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At his core, Steve Jobs was an entrepreneur

This 1977 file photo shows Apple co-founder Steve Jobs as he introduces the new Apple II in Cupertino, Calif.


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Steve Jobs: Entrepreneur

"Chairman Steve Jobs introduced numerous revolutionary changes to the information technology industry and was a great entrepreneur:" Choi Gee-sung, vice-chairman and CEO of Samsung Electronics Co.

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"I feel honored to have known Steve Jobs. He was the most innovative entrepreneur of our generation. His legacy will live on for the ages:" AOL co-founder Steve Case.

"Steve was an iconic inventor, visionary, and entrepreneur, and we had the privilege to know him as partner and friend:" AT&T chairman and CEO Randall Stephenson.

Steve Jobs will be remembered for having transformed Apple Inc. into one of the most powerful brands on the planet. When he died on Wednesday at age 56, his net worth was in the billions, and he had redefined the words "comeback" and "success."

But at his core, Mr. Jobs was an entrepreneur.

In 1976, when personal computers were little more than an expensive hobby, the 21-year-old launched Apple Computer out of his family's garage, introducing the Apple I for $666.66 (U.S.). A year later came the Apple II, which became the first PC to gain a wide following.

Sales increased exponentially, rising to $139-million by 1980, and Apple became a publicly traded company. Mr. Jobs resigned in 1985 to start another technology company, NeXT Inc., and he invested in what later became Pixar Animation Studios. Apple bought NeXT in 1997, paving the way for Mr. Jobs to return to his first business.

There were no more startups. There were no more financial struggles. But being an entrepreneur is as much about a mindset as it is about revenue, or impact, or number of employees working for your company. If you were to ask Richard Branson, Bill Gates or Donald Trump whether they still consider themselves entrepreneurs, the answer would be 'yes.' No matter where you end up, it's all about where you started.

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Steve Jobs had a talent for spotting opportunities, but more importantly, he acted on them. He also happened to make them extremely profitable.

The passing of another great entrepreneur

Di Gribble passed away on Tuesday. Who was Di Gribble, you ask? One of Australia's most successful female entrepreneurs, "Boss Lady" Amanda Gome writes in a post for Smart Company. At the age of 35, Ms. Gribble started her first business, publishing house McPhee Gribble, with business partner Hilary McPhee, later bought by Penguin. At 48, she decided to do it again. She joined forces with Eric Beecher and the pair sunk their money into another publishing venture, Text Media. The partners spent 14 years building the business, and when she was 62, the company was sold to Fairfax for $70 million and it was back to the drawing board. At the age of 63, Ms. Gribble, along with Mr. Beecher, bought Crikey from founder Stephen Mayne for $1 million. Crikey was a springboard into digital media and she spent a lot of time understanding and influencing the emerging business model, while nurturing the creative talents of her people, much as she had always done.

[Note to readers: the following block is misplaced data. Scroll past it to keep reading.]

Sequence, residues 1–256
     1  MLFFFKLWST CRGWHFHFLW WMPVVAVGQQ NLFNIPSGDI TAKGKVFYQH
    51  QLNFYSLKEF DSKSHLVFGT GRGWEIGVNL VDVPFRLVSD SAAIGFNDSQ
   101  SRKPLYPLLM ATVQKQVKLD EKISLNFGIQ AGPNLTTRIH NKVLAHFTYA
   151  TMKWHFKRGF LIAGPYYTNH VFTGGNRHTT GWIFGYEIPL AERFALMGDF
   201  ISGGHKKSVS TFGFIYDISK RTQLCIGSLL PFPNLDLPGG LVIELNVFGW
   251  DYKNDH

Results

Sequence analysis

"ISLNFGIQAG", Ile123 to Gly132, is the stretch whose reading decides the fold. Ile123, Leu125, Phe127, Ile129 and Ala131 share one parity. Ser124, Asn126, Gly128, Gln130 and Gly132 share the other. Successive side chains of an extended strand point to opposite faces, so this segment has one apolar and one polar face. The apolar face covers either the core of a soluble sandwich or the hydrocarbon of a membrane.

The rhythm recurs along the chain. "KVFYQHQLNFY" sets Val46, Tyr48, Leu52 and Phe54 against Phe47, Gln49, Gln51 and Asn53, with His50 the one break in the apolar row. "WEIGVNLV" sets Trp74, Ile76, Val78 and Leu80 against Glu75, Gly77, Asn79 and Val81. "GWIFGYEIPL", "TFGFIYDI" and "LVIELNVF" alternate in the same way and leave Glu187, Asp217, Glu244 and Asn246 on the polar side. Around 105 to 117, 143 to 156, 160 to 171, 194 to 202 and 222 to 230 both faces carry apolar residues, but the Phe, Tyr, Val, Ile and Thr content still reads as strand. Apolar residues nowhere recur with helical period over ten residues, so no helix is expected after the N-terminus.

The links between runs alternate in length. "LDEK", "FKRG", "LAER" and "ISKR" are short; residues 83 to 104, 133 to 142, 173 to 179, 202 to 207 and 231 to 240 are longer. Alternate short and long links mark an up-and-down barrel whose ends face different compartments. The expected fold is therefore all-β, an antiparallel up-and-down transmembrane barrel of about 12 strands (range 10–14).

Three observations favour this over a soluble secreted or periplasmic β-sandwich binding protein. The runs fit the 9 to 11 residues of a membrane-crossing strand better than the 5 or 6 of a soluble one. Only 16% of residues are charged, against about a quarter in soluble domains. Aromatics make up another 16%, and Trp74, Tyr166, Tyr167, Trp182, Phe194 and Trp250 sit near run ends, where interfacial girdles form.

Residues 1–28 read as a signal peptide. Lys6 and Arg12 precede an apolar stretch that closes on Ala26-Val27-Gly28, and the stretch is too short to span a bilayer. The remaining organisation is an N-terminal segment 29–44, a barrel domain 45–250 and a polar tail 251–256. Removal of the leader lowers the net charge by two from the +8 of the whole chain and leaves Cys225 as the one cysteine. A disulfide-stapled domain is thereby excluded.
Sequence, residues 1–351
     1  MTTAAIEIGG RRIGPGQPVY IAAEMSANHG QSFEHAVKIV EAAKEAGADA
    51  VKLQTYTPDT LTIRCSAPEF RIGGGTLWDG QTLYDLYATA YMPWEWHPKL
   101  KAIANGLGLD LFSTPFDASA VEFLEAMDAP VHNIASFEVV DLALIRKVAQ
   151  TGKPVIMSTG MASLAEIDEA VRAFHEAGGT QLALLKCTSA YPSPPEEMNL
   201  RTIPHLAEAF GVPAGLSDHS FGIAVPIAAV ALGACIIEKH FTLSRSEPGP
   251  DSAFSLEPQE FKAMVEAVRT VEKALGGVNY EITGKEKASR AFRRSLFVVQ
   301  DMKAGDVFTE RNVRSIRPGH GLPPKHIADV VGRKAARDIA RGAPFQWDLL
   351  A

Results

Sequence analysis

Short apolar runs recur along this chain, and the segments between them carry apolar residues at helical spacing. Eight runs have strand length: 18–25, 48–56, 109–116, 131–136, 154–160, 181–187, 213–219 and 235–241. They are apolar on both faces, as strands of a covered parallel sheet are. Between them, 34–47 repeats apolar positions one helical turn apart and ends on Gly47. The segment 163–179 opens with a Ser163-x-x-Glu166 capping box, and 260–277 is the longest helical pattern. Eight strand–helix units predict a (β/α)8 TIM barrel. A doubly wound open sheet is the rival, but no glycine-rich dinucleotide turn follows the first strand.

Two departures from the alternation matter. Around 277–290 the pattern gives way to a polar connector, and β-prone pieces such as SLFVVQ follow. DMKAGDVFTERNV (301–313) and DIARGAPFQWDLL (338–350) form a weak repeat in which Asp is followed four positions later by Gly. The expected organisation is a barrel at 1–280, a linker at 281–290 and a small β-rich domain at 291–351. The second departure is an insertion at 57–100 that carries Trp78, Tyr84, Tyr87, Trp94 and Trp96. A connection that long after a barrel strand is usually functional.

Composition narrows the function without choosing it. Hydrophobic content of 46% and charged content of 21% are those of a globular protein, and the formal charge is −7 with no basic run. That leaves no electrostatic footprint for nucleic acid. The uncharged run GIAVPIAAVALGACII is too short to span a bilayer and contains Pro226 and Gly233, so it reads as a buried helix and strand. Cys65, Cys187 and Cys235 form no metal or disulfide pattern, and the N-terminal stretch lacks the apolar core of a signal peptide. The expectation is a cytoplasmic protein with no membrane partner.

One more of note

James Franco's father Doug died at the age of 63 last week, CTV New reports. Doug Franco was a Silicon Valley entrepreneur with a Harvard MBA. James has previously credited his father for encouraging him to work hard at school and set him back on the right path in life after a spell of trouble with the police. "In my first two years of high school I got into a lot of trouble with the police for minor things: graffiti, stealing, crashing cars," he said. "It was teen angst, I was uncomfortable in my own skin. But my dad was very supportive."


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Food Inc.

The lastest issue of Report on Small Business magazine came out in select copies of The Globe and Mail on Thursday. Our online feature profiles 10 Canadian food companies that are changing the way we eat.


Canadians down in the Valley

Some of the best talent in the tech world is coming from Canada, and everybody wants a piece of it, Omar el Akkad wrote in February in a series on Canadians in Silicon Valley. To help them navigate the valley's intensely competitive landscape, a number of high-powered resources have been put in place. Some are mainly social – the Digital Moose lounge, for example, is a networking group for Canadians that often organizes trips to San Jose Sharks hockey games – while others are more focused on the business side.

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About the Author
Sean Stanleigh

Sean Stanleigh is the product manager of Report on Small Business. His goal is to make ROSB the primary destination for readers in search of information and compelling stories about Canada's small-business community, which continues to grow in size and influence. Mr. More

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